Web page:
By Omar Sacirbey
Religion News Service
(RNS) With the 10th anniversary of 9/11 looming, attendees at North America's largest Muslim gathering next month will be told that the best way to deal with Islamophobia is not to lay low, but get involved in politics, interfaith work and community affairs.
That's the message that leaders of the Islamic Society of North America want to send to the roughly 40,000 U.S. and Canadian Muslims expected to attend ISNA's 48th annual convention over the July 4th weekend in Rosemont, Ill.
"Our conventions in the past years have changed. You'll see more questions dealing with interreligious cooperation and understanding," said Mohamed Elsanousi, ISNA's director of community outreach. "We are opening the convention more to people of other faiths."
Prominent non-Muslims, including California megachurch pastor Rick Warren, have attended past ISNA conventions; this year's guests include the Rev. Michael Kinnamon, general secretary of the National Council of Churches.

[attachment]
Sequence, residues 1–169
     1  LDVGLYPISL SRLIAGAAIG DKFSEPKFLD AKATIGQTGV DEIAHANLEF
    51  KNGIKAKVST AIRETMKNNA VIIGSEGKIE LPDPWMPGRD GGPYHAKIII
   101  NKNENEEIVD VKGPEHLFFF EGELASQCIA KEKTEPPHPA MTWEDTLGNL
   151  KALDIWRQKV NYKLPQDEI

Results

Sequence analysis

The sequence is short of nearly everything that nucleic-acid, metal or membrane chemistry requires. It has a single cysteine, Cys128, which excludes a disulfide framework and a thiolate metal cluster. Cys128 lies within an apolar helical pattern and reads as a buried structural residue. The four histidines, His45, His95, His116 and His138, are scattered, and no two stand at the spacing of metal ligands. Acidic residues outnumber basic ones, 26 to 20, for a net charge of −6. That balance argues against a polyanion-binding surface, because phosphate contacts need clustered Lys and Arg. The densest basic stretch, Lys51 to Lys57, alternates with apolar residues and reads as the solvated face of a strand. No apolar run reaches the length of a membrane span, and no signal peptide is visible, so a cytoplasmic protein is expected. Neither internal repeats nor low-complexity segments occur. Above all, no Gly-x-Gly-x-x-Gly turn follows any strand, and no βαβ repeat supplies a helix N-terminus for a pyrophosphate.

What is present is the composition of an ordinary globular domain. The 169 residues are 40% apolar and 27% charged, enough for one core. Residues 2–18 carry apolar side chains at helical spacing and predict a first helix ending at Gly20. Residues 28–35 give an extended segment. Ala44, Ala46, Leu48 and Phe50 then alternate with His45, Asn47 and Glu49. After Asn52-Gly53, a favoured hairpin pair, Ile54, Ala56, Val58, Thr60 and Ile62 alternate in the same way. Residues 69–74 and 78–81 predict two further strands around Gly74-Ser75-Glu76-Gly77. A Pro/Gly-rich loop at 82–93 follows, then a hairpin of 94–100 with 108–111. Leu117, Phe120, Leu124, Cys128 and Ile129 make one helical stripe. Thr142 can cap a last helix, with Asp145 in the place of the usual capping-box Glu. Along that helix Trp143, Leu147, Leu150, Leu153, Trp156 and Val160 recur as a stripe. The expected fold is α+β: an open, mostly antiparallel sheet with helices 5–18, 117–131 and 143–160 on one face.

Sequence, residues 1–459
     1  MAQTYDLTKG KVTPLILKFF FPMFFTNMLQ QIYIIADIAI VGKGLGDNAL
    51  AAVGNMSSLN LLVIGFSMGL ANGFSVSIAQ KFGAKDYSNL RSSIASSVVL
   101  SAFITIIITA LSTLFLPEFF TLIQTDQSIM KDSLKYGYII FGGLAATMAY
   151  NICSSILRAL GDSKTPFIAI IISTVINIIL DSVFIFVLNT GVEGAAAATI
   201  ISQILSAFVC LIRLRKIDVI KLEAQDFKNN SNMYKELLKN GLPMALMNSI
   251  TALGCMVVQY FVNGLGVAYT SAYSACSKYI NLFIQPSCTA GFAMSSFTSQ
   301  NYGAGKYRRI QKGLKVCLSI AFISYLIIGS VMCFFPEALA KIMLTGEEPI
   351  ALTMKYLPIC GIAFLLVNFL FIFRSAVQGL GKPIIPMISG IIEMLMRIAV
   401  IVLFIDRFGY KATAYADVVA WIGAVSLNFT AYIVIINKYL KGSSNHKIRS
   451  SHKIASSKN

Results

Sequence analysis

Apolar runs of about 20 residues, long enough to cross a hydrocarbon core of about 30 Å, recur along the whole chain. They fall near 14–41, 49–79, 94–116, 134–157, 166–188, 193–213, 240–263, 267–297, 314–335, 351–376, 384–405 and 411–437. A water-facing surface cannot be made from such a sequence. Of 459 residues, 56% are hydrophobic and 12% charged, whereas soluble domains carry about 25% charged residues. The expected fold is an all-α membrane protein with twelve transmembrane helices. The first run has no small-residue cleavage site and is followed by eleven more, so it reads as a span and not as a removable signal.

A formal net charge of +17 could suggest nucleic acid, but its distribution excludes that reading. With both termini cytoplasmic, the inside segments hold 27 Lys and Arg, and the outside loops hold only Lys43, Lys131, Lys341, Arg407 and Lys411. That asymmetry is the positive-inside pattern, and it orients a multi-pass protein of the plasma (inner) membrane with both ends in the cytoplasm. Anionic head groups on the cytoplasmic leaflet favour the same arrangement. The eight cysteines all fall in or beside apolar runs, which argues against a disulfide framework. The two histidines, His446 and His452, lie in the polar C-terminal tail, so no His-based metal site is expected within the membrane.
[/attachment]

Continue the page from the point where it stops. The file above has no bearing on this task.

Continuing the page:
A majority of the 90 or so panels and workshops are based on suggestions from members. ISNA officials said the feedback showed that U.S. Muslims' biggest concern was Islamophobia and a desire to learn how to respond.
While many of the programs deal with typical religious convention topics like spirituality and family, 15 to 20 will focus on educating Muslims about public service, interfaith work, media training, and other civic activities as ways to alleviate American fears of Muslims.
A Pew Research Center report last March found that 40 percent of Americans thought Islam was more likely than other religions to cause violence, up from 25 percent in 2002. In addition, a March Rasmussen Reports survey found that 57 percent of Americans thought Muslims do not speak out enough against domestic terrorism.
Some conference panels this year include "Islam, Pluralism, and Social Harmony," "Empowerment Through Engagement," "Interreligious Collaboration Inspired by Love of God and Love of Neighbor," and "Ethics of Disagreement and Coexistence in Islam."
ISNA officials said the conference theme -- "Loving God, Loving Neighbor, Living in Harmony" -- and the convention programming reflect a belief that, despite the difficulties created by Islamophobia, the situation can be improved through engagement.
"We have seen the fruits of this work," Elsanousi said.